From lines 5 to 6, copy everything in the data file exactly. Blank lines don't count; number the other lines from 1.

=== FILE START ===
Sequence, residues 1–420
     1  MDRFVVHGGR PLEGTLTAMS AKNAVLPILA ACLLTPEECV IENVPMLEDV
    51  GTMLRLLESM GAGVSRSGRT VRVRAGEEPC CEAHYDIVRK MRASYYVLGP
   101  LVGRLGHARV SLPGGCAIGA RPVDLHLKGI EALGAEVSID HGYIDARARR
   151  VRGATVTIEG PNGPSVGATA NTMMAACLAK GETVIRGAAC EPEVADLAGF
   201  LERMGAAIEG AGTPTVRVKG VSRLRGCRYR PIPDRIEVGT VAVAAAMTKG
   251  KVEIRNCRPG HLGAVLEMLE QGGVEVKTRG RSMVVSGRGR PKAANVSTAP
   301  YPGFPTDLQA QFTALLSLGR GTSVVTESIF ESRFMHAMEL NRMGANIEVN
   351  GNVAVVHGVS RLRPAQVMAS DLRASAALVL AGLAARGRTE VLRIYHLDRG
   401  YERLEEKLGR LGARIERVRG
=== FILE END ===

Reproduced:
   151  VRGATVTIEG PNGPSVGATA NTMMAACLAK GETVIRGAAC EPEVADLAGF
   201  LERMGAAIEG AGTPTVRVKG VSRLRGCRYR PIPDRIEVGT VAVAAAMTKG